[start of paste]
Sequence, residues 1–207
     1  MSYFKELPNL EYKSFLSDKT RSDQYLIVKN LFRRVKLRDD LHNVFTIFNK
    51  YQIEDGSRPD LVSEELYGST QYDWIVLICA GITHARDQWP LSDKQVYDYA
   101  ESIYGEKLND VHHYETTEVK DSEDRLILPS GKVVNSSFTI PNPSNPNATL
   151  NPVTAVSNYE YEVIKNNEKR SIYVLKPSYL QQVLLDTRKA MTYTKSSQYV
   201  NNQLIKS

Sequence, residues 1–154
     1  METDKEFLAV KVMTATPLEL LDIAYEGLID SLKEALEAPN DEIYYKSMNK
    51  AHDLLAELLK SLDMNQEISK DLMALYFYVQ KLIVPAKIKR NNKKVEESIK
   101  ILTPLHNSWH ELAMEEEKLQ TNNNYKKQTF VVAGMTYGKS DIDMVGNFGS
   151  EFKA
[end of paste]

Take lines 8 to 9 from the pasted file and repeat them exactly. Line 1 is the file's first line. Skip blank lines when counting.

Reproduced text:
     1  METDKEFLAV KVMTATPLEL LDIAYEGLID SLKEALEAPN DEIYYKSMNK
    51  AHDLLAELLK SLDMNQEISK DLMALYFYVQ KLIVPAKIKR NNKKVEESIK